(iii) Evidence that the applicant is a United States citizen, as set forth in 8 CFR 204.1(g), or, in the case of a married applicant, evidence either that both spouses are citizens or, if only one spouse is a United States citizen, evidence of that person's citizenship and evidence that the other spouse, if he or she lives in the United States, is either a non-citizen United States national or an alien who holds a lawful status under U.S. immigration law.
(iv) A copy of the current marriage certificate, unless the applicant is not married;
(v) If the applicant has been married previously, a death certificate or divorce or dissolution decree to establish the legal termination of all previous marriages, regardless of current marital status;
(vi) If the applicant is not married, his or her birth certificate, U.S. passport biographical information page, naturalization or citizenship certificate, or other evidence, to establish that he or she is at least 24 years old;
(vii) A written description of the preadoption requirements, if any, of the State of the child's proposed residence in cases where it is known that any child the applicant may adopt will be adopted in the United States, and of the steps that have already been taken or that are planned to comply with these requirements. The written description must include a citation to the State statutes and regulations establishing the requirements. Any preadoption requirements which cannot be met at the time the Form I-800A is filed because of the operation of State law must be noted and explained when the Form I-800A is filed.
(viii) A home study that meets the requirements of 8 CFR 204.311 and that bears the home study preparer's original signature. If the home study is not included with the Form I-800A, the director of the office that has jurisdiction to adjudicate the Form I-800A will make a written request for evidence, directing the applicant to submit the home study. If the applicant fails to submit the home study within the period specified in the request for evidence, the director of the office that has jurisdiction to adjudicate the Form I-800A will deny the Form I-800A. Denial of a Form I-800A under this paragraph for failure to submit a home study is not subject to appeal, but the applicant may file a newForm I-800A, accompanied by a new filing fee.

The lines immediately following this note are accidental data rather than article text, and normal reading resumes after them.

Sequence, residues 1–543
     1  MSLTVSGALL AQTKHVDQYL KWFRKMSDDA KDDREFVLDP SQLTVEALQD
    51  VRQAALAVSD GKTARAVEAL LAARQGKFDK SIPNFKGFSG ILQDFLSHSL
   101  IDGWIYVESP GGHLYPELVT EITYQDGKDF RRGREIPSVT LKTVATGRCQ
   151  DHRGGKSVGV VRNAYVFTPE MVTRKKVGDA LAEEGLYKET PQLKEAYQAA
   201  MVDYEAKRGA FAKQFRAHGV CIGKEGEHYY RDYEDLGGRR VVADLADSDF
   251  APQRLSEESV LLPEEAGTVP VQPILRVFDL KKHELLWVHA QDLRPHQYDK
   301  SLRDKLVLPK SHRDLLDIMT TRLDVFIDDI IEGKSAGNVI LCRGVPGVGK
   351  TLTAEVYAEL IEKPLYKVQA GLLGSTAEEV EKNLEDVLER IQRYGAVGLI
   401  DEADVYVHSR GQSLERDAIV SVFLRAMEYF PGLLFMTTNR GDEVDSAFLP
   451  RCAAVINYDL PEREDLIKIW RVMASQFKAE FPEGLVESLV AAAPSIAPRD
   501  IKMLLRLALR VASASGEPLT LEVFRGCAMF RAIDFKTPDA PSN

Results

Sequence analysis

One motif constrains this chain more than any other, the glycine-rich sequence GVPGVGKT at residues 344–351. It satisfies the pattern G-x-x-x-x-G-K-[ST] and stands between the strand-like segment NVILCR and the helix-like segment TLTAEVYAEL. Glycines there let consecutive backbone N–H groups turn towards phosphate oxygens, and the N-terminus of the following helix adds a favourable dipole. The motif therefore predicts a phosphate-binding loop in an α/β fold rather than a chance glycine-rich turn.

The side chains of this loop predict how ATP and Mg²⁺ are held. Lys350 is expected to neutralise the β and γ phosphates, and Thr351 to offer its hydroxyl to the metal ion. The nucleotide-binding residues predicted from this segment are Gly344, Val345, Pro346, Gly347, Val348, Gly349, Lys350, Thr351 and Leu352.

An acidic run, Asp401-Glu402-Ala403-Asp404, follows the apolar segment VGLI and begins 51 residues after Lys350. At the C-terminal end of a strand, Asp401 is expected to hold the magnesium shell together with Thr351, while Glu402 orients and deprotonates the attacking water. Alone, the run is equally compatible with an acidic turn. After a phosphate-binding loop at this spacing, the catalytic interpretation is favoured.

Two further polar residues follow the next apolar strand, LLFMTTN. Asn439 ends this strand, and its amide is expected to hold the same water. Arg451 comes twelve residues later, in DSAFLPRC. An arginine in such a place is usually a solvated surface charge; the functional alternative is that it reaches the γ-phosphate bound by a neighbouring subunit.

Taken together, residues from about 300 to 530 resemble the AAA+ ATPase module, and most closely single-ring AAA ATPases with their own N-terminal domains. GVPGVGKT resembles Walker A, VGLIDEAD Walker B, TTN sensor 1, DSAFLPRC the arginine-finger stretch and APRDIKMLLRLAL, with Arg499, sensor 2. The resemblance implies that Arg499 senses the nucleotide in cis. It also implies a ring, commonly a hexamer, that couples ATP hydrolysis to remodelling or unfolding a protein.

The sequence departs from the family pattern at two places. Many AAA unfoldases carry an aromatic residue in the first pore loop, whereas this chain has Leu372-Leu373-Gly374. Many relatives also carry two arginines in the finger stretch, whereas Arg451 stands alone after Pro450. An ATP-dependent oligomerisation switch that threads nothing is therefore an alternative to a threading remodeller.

(b)Biometrics. Upon the proper filing of a Form I-800A, USCIS will arrange for the collection of biometrics from the applicant and each additional adult member of the household, as prescribed in 8 CFR 103.16, but with no upper age limit. It will be necessary to collect the biometrics of each of these persons again, if the initial collection expires before approval of the Form I-800A. USCIS may waive this requirement for any particular individual if USCIS determines that that person is physically unable to comply. However, USCIS will require the submission of affidavits, police clearances, or other evidence relating to whether that person has a criminal history in lieu of collecting the person's biometrics.
(c)Change in marital status. If, while a Form I-800A is pending, an unmarried applicant marries, or the marriage of a married applicant ends, an amended Form I-800A and amended home study must be filed to reflect the change in marital status. No additional filing fee is required to file an amended Form I-800A while the original Form I-800A is still pending. See 8 CFR 204.312(e)(2) concerning the need to file a newForm I-800A if the marital status changes after approval of a Form I-800A.